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Geographical Location of Foreign Direct Investment and Wage Inequality in China

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  • Alyson C. Ma
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    This paper examines the relationships between distance and the transportation costs of international trade on the location-specific effects of foreign direct invest-ment and provincial per capita income in China. Applying the economic geography model proposed by Redding and Venables (2004), it traces the increasing wage inequality among the coastal and inland provinces by focusing on the distance of foreign-owned firms from access to international markets and to suppliers of intermediate inputs. First, a gravity-type equation is used to construct the 'market access' and 'supplier access' variables. Then, the effect of market and supplier access on provincial wage rates is estimated. The results indicate that distance does affect international trade and geography explains roughly one-third of the wage differential. Greater market access increases the provincial wage gap, while larger supplier access increases the wage difference in trade destined for the foreign market but decreases the wage difference in trade targeted for the domestic market. Similar findings also result from applying the estimations to two local firm types: state-owned enterprises and collective-owned enterprises. Copyright 2006 The Author Journal compilation 2006 Blackwell Publishing Ltd.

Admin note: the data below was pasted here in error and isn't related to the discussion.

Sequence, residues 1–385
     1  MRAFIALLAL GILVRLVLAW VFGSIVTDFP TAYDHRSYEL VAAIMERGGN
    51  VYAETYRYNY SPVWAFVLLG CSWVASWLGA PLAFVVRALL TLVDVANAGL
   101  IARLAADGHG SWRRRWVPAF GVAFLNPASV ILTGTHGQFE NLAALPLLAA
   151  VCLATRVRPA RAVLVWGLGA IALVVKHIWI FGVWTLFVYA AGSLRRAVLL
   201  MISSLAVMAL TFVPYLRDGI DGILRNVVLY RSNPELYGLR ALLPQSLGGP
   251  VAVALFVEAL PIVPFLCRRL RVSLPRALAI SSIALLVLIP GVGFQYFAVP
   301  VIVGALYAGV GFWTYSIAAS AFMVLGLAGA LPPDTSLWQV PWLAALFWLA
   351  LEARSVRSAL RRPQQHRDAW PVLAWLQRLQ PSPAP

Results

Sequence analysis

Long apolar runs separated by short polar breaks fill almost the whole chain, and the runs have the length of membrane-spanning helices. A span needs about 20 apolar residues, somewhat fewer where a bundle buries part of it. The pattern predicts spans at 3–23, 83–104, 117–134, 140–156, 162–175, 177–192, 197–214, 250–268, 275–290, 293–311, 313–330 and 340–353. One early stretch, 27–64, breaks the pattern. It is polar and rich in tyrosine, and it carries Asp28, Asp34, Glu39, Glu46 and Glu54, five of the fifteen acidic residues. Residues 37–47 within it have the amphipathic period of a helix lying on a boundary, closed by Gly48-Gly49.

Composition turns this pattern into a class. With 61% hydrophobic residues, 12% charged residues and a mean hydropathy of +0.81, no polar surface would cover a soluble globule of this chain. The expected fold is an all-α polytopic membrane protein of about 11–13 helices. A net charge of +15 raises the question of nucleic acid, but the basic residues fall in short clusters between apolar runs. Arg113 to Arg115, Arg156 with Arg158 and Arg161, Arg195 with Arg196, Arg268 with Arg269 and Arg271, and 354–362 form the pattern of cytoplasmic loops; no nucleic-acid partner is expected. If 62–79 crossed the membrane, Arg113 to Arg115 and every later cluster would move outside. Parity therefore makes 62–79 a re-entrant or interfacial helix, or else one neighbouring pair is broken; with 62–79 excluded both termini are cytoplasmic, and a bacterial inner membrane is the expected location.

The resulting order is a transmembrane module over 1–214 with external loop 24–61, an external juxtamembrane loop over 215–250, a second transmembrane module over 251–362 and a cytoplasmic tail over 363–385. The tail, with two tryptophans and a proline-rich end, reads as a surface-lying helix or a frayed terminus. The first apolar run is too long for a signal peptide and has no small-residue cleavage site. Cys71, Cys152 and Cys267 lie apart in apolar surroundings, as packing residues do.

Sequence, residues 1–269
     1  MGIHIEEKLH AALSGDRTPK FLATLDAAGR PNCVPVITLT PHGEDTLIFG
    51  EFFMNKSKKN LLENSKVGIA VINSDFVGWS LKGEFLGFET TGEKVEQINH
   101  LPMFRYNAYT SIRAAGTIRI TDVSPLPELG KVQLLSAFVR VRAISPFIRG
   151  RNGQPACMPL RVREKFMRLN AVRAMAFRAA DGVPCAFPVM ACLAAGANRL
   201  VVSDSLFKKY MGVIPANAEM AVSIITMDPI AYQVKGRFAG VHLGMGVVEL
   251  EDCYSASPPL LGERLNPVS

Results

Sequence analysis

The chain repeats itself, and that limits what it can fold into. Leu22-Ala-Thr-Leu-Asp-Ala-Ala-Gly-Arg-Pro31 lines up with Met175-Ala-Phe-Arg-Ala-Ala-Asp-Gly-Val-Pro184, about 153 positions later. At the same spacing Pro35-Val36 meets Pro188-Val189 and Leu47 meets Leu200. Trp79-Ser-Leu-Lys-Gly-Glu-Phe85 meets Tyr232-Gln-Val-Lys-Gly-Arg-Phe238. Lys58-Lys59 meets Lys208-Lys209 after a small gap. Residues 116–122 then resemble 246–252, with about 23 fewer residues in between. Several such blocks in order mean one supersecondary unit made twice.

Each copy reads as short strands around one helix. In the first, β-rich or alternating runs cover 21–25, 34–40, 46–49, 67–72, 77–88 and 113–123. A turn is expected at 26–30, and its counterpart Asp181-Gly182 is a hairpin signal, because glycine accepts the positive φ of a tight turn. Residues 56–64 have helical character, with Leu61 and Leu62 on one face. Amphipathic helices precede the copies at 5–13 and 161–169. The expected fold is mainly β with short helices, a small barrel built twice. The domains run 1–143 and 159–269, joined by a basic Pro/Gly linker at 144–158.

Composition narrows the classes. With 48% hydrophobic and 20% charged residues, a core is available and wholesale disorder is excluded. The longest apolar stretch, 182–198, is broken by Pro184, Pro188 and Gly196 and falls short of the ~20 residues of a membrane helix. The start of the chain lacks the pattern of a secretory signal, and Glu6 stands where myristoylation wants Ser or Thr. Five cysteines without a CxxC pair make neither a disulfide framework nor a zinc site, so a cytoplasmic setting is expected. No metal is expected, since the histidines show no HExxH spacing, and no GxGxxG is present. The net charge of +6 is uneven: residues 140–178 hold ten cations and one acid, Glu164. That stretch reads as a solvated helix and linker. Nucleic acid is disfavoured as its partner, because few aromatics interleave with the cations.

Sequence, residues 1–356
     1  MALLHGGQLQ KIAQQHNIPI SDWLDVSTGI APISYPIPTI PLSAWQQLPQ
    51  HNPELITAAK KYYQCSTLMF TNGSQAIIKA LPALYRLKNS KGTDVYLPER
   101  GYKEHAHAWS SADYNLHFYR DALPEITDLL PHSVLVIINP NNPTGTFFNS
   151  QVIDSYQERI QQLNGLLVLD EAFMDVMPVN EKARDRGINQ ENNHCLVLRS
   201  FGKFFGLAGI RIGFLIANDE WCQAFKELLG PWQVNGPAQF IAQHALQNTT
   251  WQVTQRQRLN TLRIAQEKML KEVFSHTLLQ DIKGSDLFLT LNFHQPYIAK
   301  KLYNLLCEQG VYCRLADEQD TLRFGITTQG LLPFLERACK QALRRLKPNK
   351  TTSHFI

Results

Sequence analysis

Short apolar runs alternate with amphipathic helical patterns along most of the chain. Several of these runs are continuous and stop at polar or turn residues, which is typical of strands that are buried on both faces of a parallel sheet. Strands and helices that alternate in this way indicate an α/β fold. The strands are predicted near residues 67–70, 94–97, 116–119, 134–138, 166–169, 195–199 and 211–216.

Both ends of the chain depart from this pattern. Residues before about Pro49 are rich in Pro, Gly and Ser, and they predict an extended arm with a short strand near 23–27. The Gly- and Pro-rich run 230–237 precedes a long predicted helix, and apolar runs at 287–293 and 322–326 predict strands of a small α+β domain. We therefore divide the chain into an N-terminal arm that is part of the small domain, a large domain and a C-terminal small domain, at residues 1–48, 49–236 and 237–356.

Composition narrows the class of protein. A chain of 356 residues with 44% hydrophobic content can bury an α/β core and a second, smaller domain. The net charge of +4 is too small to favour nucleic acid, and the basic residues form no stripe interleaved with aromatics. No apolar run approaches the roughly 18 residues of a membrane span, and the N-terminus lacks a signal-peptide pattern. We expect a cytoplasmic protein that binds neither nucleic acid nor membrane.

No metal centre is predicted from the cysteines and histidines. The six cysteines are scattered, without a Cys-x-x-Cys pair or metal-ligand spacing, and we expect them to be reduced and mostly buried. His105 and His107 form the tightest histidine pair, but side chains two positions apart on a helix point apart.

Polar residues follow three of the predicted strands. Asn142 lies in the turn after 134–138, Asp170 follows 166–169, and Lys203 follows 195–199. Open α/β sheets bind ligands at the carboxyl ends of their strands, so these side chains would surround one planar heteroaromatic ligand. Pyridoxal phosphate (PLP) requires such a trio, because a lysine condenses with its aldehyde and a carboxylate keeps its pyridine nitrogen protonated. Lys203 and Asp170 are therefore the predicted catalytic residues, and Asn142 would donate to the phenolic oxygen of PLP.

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    Article provided by Wiley Blackwell in its journal World Economy.

    Volume (Year): 29 (2006)
    Issue (Month): 8 (August)
    Pages: 1031-1055

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    Handle: RePEc:bla:worlde:v:29:y:2006:i:8:p:1031-1055
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